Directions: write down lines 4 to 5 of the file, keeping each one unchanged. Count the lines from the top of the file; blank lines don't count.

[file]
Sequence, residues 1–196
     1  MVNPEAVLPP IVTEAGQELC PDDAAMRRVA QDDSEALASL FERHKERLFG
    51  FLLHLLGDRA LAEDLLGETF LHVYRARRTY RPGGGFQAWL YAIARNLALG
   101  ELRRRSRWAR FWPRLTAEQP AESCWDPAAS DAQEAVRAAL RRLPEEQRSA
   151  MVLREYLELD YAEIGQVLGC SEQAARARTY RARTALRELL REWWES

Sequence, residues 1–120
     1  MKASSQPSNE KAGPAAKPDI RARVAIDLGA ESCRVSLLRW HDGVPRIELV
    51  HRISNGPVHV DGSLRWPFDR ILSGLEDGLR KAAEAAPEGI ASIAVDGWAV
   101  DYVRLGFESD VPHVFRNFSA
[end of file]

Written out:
   101  ELRRRSRWAR FWPRLTAEQP AESCWDPAAS DAQEAVRAAL RRLPEEQRSA
   151  MVLREYLELD YAEIGQVLGC SEQAARARTY RARTALRELL REWWES